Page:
Also we would observe the setting in which the statement was made. In Wells the clerk of the circuit court of Kane County had sued to recover fees claimed to be due the clerk by the appellee, who had been indicted, tried and acquitted of the offense of malicious mischief. This court said that the single question before it was whether one who had been indicted and thereafter acquitted was liable for court costs. The court noted that a statute exempted defendants in criminal cases who were acquitted or otherwise legally discharged from the payment of costs and provided that the clerk of the court was to look to the county commissioners for payment. It was said: "We think the statute has exempted him from the payment of such costs." It can be seen that the case involved the question of liability after trial for court costs and that it was disposed of under a governing statute.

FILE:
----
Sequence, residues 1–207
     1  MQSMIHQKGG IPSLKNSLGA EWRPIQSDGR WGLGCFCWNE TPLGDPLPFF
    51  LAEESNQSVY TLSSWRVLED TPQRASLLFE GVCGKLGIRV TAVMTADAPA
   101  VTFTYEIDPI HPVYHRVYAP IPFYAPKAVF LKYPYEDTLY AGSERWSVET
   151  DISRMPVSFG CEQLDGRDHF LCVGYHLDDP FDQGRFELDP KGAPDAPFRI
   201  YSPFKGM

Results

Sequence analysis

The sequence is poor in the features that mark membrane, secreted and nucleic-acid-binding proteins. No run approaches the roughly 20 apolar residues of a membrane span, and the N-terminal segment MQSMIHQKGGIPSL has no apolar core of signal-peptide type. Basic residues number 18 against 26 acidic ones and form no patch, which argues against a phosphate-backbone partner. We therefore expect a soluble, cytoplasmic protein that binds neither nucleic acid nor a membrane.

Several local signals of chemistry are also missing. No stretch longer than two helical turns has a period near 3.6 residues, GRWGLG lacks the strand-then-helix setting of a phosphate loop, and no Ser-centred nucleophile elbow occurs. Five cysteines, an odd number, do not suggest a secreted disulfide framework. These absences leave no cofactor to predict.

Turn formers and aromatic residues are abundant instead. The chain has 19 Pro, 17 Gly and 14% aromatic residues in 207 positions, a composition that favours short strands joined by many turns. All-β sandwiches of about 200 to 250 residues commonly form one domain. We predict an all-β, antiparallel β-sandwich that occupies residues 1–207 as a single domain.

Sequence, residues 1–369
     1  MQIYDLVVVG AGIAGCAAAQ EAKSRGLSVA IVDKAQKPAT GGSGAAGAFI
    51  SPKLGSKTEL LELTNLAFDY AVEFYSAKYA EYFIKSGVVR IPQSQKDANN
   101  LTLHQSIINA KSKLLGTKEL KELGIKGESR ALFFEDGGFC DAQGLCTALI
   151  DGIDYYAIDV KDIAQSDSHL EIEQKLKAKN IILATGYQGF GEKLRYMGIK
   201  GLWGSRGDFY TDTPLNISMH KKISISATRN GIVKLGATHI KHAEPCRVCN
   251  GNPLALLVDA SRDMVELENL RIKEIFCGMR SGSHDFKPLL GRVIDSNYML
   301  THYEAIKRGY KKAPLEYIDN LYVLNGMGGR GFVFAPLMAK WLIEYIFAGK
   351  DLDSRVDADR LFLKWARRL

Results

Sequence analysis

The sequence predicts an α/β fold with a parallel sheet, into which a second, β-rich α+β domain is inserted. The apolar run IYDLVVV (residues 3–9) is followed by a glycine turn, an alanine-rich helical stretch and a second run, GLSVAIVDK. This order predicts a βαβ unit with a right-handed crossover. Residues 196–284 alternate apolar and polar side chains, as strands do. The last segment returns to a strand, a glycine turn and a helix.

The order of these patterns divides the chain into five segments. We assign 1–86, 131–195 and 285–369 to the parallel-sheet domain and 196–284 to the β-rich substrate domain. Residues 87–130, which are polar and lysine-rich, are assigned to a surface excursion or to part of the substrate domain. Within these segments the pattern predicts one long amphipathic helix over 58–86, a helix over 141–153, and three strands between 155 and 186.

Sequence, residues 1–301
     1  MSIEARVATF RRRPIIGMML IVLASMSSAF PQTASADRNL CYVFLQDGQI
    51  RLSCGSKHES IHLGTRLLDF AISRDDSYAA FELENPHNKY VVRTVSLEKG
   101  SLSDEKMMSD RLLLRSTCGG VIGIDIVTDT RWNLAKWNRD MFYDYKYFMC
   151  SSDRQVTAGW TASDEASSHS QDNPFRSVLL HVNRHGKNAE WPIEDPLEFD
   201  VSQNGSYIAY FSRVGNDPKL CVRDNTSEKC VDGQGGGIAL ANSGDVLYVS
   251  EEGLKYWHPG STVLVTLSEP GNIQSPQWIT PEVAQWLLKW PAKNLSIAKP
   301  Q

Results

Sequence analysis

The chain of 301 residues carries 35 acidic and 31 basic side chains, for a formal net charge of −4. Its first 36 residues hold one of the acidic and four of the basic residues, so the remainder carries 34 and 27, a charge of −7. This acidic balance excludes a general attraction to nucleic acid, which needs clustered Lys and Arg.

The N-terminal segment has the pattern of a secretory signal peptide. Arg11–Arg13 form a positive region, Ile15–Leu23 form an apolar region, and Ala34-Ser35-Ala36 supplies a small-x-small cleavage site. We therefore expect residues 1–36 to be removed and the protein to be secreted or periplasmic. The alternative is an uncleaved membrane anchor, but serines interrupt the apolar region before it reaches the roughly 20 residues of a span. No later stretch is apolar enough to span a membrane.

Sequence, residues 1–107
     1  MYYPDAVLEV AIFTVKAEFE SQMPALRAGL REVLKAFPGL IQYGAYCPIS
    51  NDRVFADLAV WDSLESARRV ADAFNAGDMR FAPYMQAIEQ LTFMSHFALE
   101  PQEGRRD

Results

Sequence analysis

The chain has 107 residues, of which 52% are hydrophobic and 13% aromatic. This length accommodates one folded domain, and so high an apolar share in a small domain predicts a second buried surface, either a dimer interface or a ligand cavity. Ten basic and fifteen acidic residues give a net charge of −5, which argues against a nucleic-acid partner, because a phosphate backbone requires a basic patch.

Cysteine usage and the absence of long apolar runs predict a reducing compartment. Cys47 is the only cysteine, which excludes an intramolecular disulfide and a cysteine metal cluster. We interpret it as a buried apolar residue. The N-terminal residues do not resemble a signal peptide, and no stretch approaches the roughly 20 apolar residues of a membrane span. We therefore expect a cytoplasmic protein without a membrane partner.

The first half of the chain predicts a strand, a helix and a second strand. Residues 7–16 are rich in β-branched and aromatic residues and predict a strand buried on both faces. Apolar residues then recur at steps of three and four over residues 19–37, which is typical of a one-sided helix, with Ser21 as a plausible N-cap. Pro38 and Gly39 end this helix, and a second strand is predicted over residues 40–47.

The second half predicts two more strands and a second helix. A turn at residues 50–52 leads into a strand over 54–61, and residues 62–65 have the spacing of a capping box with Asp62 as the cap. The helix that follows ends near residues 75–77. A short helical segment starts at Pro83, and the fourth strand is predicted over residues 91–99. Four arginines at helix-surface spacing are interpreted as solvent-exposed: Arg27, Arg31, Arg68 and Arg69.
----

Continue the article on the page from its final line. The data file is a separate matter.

The appellee cites, too, an Attorney General's opinion (Attorney General Opinion No. 124, January 15, 1940) in which, after referring to section 4 (par. 74, ch. 53), which entitles the sheriff to demand fees in advance for services, it is said: "this right to demand the payment of fees in advance is subject to some exceptions and does not extend to process issued on behalf of a defendant in a criminal case."